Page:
French Pension Talks Resume as Govt. Seeks to End Standoff
The French government and unions are to resume talks Tuesday over a pensions overhaul that has unleashed the longest transport strike in decades, with the premier saying both sides need to "budge a little".
As the standoff escalated, with police deployed to oil refineries and fuel depots to prevent a blockade by unions, Prime Minister Edouard Philippe said he remained open to discussion.
"To find a compromise, everyone has to budge a little," Philippe told the RTL broadcaster on the 34th day of the strike, which has caused travel chaos in Paris and severely impacted inter-city rail services.
While insisting the pension reform would not be abandoned, Philippe made conciliatory noises about a key sticking point -- the government's insistence that people work longer in order to keep the pension system afloat.
The moderate CFDT union, with which the government is hoping to do a deal and break the back of the strike, has balked at government proposals to extend to 64 the age at which people qualify for a full pension -- two years after the official retirement age.
"The pivot age (64) must be removed from the bill," CFDT leader Laurent Berger said as he arrived at the labor ministry for the talks.
Philippe said that if unions and employers could come up with a better way to reduce the pension deficit, "I will take it."
The hardline CGT union, the biggest at state rail operator SNCF, continued to insist that the government scrap the reforms outright. The CGT has also called for a blockade of France's eight oil refineries.
"The only overture we want to hear is 'we're stopping everything'," CGT leader Philippe Martinez told France Inter radio.
As the standoff continues, public support for the strike, which remained high throughout the first month, has begun to fall.
A Harris Interactive poll Monday showed 60 percent backing the industrial action, down nine points since it started.
An Ifop poll gave it just 44 percent backing, down seven points from the previous survey on December 19-20.
- Retailers hurting -
The reform would eliminate 42 separate pension schemes that offer early retirement and other advantages, mainly to public-sector workers, in favor of a single system.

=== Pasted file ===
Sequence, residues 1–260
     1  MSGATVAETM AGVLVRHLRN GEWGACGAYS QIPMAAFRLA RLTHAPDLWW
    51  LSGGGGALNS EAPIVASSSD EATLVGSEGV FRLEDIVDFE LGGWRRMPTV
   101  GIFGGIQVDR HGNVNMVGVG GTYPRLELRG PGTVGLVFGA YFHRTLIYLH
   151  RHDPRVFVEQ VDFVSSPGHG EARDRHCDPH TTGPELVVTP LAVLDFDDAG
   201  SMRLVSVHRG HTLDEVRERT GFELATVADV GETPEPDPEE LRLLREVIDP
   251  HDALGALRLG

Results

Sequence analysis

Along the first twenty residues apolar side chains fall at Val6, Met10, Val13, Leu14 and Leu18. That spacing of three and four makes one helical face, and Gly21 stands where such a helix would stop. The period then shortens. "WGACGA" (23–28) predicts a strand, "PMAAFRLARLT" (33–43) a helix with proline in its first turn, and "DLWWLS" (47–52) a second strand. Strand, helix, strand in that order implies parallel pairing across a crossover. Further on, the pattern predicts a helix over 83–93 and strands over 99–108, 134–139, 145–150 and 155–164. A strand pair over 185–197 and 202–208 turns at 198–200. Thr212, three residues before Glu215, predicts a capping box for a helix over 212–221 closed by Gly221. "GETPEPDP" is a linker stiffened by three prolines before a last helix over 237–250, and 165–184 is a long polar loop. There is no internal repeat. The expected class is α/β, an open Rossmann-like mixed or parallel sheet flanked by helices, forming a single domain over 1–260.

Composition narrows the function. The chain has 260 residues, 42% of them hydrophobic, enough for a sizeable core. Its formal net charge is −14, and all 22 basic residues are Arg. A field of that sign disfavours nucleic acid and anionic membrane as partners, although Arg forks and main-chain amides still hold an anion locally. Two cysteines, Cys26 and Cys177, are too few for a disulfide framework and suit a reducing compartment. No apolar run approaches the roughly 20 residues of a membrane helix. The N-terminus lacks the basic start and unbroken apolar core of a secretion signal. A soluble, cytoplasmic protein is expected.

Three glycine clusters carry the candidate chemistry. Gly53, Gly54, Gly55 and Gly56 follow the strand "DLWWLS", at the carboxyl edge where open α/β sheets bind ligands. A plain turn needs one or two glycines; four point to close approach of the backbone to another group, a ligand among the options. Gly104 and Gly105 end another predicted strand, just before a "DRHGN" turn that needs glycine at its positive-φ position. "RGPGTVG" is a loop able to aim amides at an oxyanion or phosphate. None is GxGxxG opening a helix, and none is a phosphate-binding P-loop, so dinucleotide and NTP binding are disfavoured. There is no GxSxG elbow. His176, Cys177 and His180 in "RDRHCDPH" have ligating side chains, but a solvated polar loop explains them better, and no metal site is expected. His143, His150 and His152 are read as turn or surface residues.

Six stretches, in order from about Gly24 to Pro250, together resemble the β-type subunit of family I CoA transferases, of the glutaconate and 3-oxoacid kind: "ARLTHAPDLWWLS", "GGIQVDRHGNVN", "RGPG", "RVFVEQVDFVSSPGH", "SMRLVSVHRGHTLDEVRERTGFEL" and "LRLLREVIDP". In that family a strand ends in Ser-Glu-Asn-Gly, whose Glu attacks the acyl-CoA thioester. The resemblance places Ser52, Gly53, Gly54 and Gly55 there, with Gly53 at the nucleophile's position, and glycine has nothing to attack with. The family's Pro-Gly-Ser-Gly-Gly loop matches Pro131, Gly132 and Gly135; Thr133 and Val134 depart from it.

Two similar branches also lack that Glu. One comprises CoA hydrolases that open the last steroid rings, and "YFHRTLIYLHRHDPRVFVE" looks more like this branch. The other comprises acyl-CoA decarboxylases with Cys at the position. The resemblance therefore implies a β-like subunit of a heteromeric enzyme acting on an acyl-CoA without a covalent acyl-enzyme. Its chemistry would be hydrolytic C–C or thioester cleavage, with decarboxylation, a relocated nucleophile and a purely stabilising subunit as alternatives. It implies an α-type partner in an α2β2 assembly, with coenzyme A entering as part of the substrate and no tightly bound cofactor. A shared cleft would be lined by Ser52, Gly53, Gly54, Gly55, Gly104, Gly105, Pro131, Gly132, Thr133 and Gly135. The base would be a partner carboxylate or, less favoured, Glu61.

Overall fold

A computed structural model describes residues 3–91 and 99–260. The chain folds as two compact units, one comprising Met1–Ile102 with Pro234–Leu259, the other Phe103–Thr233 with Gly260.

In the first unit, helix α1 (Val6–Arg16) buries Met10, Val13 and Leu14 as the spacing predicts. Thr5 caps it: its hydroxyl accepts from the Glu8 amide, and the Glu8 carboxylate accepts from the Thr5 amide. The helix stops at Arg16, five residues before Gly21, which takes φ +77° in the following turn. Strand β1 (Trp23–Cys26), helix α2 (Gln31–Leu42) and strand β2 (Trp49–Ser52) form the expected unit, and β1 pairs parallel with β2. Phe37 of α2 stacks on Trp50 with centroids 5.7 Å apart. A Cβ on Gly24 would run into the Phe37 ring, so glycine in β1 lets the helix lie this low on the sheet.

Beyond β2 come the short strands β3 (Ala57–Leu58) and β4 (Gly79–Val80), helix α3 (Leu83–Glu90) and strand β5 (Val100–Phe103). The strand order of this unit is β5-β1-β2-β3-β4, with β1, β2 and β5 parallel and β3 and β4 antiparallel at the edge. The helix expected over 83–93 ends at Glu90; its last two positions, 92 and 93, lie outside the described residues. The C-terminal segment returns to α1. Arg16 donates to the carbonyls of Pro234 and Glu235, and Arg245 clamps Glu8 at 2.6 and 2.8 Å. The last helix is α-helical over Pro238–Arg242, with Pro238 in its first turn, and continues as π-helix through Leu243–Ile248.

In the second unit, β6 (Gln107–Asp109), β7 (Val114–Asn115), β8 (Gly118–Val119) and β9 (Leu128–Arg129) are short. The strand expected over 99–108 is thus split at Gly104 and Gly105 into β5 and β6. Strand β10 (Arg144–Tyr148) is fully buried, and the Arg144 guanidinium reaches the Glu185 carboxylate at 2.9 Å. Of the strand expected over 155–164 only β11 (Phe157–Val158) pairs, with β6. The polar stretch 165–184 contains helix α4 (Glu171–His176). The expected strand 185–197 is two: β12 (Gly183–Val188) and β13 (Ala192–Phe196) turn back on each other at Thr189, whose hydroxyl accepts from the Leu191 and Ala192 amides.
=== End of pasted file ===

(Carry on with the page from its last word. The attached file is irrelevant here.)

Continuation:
The CGT and Force Ouvriere unions have called for a new day of mass walkouts against the reform on Thursday, which could see schools shut and public transport even more impacted than usual.
Train operator SNCF says it has lost more than 600 million euros ($670 million) in ticket sales since the strike began on December 5.
The head of the Paris chamber of trades and crafts said retail sales in the capital were down by between 30 and 40 percent.
- 'Gritting our teeth' -
As the strike spreads to oil refineries, raising the specter of petrol shortages, motorists rushed to fill up their tanks.
A spokesman for the FNIC-CGT union told France Info radio on Tuesday that seven out of France's eight refineries had been brought to a halt.
As the weeks pass, the number of striking rail and metro workers has tapered off, partly due to lost pay.
"For now, we are gritting our teeth," Eric Challal, a striking customer service agent at Gare du Nord station in Paris, told AFP.
The strike is the longest continuous work stoppage on French railways since the national rail service was created in the 1930s.
President Emmanuel Macron made the pensions overhaul a key plank in his 2017 election campaign, saying a single points-based system would be fairer.
The government has already made a series of concessions to the police, military, rail workers and Paris Opera employees, allowing them to continue retiring early or keep their separate benefits for several years to come.
But most salaried workers born in 1975 or later would be impacted by the new system, in which people would earn points based on lifetime earnings.
Currently, most pensions are calculated from a worker's 25 best years of earnings -- public workers, however, get payouts based on their last six months.